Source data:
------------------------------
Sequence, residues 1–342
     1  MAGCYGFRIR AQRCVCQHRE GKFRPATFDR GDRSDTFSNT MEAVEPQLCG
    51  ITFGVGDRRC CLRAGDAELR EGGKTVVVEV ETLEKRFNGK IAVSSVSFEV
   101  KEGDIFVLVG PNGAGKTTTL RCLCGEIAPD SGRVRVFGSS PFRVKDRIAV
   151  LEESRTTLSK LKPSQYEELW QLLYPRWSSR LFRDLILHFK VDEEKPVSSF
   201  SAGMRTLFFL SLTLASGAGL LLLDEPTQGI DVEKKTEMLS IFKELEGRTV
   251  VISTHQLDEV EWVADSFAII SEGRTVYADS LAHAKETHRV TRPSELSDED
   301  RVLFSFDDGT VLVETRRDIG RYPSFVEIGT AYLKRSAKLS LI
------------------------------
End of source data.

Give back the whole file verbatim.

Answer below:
Sequence, residues 1–342
     1  MAGCYGFRIR AQRCVCQHRE GKFRPATFDR GDRSDTFSNT MEAVEPQLCG
    51  ITFGVGDRRC CLRAGDAELR EGGKTVVVEV ETLEKRFNGK IAVSSVSFEV
   101  KEGDIFVLVG PNGAGKTTTL RCLCGEIAPD SGRVRVFGSS PFRVKDRIAV
   151  LEESRTTLSK LKPSQYEELW QLLYPRWSSR LFRDLILHFK VDEEKPVSSF
   201  SAGMRTLFFL SLTLASGAGL LLLDEPTQGI DVEKKTEMLS IFKELEGRTV
   251  VISTHQLDEV EWVADSFAII SEGRTVYADS LAHAKETHRV TRPSELSDED
   301  RVLFSFDDGT VLVETRRDIG RYPSFVEIGT AYLKRSAKLS LI